Head of ISIS in Afghanistan killed in US operation: Pentagon

Head of ISIS in Afghanistan killed in US operation: Pentagon

By Loree Lewis   
Published
U.S. Army soldiers from 2nd Battalion, 508th Parachute Infantry Regiment search mountains in the Andar province of Afghanistan for Taliban members and weapons caches. (Staff Sgt. Marcus J. Quarterman/U.S. Army file photo)

WASHINGTON – The leader of ISIS in Afghanistan was killed in a U.S. strike against the group’s headquarters in the northeastern Kunar Province on Tuesday, the Defense Department said Friday.

Abu Sayed was the third leader of the group, known as ISIS-Khorasan Province (ISIS-K), to be killed by U.S. forces over the past year. U.S. and Afghan forces launched an offensive against ISIS-K in early March to drive the group from the eastern Nangarhar Province, and the top U.S. commander in Afghanistan, Gen. John Nicholson, has said that the goal is to defeat ISIS-K in 2017.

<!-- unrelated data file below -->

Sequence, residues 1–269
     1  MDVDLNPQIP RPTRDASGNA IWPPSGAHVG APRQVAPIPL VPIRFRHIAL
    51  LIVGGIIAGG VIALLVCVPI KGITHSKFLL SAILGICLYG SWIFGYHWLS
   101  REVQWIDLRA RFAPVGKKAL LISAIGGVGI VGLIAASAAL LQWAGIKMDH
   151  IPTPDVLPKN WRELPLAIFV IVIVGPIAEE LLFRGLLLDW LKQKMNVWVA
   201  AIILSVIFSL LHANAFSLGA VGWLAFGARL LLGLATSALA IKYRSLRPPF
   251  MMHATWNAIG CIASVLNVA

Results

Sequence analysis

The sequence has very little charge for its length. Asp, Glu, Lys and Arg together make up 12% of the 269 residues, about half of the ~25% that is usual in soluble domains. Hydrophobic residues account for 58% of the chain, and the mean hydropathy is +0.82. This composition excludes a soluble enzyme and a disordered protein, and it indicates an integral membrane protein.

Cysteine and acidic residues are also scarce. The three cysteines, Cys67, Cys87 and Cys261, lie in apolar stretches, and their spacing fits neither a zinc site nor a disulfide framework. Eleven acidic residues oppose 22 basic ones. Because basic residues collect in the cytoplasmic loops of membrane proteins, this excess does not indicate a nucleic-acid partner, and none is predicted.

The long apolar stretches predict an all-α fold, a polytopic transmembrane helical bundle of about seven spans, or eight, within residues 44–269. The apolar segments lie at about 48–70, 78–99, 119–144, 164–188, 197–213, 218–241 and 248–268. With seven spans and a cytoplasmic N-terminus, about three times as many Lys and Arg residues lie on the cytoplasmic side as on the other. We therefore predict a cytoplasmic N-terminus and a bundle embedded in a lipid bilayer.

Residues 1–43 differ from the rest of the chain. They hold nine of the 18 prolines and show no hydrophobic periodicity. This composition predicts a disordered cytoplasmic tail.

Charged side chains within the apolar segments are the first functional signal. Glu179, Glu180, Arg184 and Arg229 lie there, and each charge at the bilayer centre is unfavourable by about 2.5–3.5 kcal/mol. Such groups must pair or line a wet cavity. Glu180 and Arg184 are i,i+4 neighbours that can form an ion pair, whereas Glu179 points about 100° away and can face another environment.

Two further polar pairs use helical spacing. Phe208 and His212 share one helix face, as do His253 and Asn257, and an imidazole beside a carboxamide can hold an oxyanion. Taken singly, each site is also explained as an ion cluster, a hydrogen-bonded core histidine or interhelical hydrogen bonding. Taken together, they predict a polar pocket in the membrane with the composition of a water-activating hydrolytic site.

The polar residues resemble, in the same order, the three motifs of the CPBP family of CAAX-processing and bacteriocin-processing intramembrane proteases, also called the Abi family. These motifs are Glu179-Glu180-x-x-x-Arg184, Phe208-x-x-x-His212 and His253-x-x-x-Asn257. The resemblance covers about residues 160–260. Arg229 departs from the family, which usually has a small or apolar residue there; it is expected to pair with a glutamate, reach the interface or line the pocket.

“We will continue until they are annihilated. There is no safe haven for ISIS-K in Afghanistan,” Nicholson said in a statement Friday.

Defense Department chief spokesperson Dana White described the operation as a raid in a statement, and said that the operation also had killed an undisclosed number of other ISIS-K members.

Sayed took over as emir after Abdul Hasib was killed in an April raid in Nangarhar Province by U.S. and Afghan forces. Several other high-level ISIS members and almost 35 other ISIS fighters also were killed. Two U.S. Army Rangers also were killed in the operation, potentially from friendly fire. Prior to that, then-emir Hafiz Sayed Khan was killed in a July 2016 U.S. drone strike in Nangarhar Province.

“You kill a leader of one of these groups and it sets them back for – you known – a day, a week, a month, depending on who it is and what kind of people are below him,” Defense Secretary Jim Mattis told reporters at the Pentagon Friday. “So, it’s obviously a victory on our side in terms of setting them back. It’s the right direction.”

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